East Sussex funeral homes' appeal over unclaimed ashes
- 7 August 2013
- From the section Sussex
Cremated remains, some dating back to 1971, have been left unclaimed at two funeral homes in East Sussex.
Some 124 sets of ashes have not been collected from Douglas Mercer and Son in Bexhill and Banfield and Pomphrey funeral directors in Hastings.
Many have been at the businesses for more than 20 years, the firms said.
The funeral homes have now launched a joint appeal for relatives to collect the ashes.
Staff realised how many unclaimed sets of ashes they had at a recent meeting between the firms.
After searching fruitlessly for the families, they launched the appeal.
'Leads to heartache'
Asked how ashes could be left unclaimed, Andy Murfitt, funeral director at Douglas Mercer and Son, said: "People could move, it could too painful, people could pass away themselves and leave no instructions.
"We have a number of remains we hold for families, which we will continue to hold of course, until they want them."
Martin Cater, who works as a hearse driver, said: "We so often get people coming in and they don't actually know what mum or dad really wanted.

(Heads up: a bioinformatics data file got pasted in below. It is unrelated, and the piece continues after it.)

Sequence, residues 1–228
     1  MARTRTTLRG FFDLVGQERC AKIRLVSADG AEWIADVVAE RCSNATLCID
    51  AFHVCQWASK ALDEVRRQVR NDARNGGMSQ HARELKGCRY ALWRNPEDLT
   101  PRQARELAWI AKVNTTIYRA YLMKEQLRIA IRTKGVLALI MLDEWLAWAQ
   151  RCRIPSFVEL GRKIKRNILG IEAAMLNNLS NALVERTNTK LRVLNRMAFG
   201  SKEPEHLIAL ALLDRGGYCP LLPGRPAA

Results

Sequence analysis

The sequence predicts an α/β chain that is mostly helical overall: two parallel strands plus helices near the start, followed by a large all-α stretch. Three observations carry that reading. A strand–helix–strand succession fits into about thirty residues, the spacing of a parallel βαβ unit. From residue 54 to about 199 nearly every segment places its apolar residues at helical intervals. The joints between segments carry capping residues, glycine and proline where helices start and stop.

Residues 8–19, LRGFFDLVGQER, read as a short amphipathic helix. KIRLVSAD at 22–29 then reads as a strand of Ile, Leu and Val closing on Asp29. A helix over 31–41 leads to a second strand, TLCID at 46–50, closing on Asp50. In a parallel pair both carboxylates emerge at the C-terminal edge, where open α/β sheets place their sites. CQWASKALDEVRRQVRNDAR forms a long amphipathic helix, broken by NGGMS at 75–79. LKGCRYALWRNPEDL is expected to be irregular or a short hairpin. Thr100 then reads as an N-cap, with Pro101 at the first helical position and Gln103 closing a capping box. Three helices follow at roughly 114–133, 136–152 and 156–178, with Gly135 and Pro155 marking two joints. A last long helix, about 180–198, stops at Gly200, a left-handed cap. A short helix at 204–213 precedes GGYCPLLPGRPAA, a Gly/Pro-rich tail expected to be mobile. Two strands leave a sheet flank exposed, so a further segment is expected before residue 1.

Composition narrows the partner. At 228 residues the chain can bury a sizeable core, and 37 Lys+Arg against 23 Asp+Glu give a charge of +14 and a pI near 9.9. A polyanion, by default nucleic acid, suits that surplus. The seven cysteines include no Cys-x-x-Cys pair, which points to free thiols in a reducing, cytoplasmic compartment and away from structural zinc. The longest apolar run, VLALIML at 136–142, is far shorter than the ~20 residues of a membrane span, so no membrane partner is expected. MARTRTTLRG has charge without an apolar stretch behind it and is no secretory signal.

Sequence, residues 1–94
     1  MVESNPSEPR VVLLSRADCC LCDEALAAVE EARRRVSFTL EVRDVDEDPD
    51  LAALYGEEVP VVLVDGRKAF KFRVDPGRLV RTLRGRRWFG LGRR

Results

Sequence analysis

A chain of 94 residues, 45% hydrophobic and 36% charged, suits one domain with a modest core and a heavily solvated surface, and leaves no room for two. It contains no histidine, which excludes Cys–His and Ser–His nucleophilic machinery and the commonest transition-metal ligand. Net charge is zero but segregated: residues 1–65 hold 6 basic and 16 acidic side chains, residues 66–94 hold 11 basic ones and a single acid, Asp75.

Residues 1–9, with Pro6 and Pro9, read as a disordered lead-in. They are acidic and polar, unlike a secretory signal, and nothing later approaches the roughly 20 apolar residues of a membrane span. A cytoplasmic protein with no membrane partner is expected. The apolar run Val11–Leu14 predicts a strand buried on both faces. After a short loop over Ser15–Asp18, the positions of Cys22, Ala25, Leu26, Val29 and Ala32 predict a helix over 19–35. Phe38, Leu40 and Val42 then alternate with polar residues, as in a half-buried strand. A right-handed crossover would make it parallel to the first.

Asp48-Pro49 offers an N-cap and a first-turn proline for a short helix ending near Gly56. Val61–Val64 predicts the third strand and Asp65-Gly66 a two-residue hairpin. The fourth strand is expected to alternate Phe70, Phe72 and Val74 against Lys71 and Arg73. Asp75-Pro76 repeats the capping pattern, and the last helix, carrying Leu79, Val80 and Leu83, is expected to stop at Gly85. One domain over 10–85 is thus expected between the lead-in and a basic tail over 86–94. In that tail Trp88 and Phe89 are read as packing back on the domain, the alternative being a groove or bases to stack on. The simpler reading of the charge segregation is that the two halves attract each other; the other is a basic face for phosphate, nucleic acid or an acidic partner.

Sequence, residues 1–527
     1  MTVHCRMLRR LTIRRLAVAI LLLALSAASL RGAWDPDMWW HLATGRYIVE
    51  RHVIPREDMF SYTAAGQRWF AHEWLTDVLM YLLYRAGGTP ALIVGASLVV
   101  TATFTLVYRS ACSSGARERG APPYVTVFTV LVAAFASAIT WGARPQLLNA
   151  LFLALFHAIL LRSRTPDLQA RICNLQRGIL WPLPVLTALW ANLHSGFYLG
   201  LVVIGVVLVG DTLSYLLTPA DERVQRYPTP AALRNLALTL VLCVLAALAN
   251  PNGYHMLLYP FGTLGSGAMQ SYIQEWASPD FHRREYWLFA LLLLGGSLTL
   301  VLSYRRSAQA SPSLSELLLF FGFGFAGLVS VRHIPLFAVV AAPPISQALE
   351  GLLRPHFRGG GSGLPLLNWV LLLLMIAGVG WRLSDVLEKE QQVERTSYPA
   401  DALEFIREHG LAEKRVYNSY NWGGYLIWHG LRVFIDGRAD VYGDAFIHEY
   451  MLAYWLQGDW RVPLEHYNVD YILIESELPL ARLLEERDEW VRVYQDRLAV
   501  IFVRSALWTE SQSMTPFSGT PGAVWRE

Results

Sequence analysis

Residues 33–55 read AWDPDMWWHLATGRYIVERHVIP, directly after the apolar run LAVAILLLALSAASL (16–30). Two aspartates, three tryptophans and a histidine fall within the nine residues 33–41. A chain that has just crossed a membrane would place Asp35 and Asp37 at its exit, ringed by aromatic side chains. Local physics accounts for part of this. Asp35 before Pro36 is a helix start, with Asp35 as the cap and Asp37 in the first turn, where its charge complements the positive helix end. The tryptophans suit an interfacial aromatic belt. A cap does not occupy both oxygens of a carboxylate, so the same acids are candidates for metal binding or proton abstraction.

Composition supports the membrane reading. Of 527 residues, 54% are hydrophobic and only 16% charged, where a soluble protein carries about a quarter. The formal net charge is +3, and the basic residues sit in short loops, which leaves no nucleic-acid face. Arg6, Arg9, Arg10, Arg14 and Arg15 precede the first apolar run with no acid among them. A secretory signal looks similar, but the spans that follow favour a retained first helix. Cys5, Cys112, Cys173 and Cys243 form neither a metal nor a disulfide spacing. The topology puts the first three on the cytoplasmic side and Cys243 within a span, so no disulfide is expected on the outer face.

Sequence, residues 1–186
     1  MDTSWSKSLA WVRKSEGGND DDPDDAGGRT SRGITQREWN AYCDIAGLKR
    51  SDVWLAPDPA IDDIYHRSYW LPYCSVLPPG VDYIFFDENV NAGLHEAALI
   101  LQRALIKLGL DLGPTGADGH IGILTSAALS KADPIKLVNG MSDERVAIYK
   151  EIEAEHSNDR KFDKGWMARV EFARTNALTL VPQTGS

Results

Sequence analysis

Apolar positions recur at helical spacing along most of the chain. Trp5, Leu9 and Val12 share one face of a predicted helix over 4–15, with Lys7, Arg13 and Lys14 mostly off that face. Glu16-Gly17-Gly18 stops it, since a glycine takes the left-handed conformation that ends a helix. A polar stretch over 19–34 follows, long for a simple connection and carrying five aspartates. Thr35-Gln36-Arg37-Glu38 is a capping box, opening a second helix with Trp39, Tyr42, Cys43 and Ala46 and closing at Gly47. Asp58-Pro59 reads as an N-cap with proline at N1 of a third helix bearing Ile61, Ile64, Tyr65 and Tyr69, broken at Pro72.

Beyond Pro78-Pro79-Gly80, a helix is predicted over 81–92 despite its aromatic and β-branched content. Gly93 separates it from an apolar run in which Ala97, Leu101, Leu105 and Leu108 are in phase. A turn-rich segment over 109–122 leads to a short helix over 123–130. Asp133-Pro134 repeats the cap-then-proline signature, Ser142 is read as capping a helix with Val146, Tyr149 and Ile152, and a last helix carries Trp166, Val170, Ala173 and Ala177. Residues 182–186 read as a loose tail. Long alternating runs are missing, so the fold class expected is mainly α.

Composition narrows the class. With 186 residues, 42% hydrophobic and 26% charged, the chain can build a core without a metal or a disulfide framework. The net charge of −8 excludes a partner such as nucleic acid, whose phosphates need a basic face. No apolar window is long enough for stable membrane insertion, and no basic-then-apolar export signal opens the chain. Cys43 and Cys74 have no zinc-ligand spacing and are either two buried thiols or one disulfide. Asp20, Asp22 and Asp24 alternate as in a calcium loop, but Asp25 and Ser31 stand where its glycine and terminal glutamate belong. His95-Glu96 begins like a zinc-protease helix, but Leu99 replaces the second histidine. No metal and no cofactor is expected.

"That leads to some heartache for those people while they try to sort that out.
"We hope it gets people and their families talking about their future wishes."
There is no current legislation stating how long ashes should be kept for.
The National Association of Funeral Directors, which represents more than 3,600 funeral homes, said its members often kept cremated remains for many years when they were unable to trace relatives.
"Our guidance is that cremated remains should be held for a minimum of five years and that members should make all reasonable efforts to contact someone connected with the deceased," the spokeswoman said.
"If they are unable to then we suggest they advertise in the local media as well as making one final written attempt to contact the person who arranged the funeral, to advise them that if they do not come forward the cremated remains will either be scattered, interned in a local burial ground or cemetery, or returned to the nearest crematorium.
"We always suggest to funeral directors that they avoid this situation by securing good contact details for the personal organising each funeral and signed instructions for the disposal or retention of the cremated remains."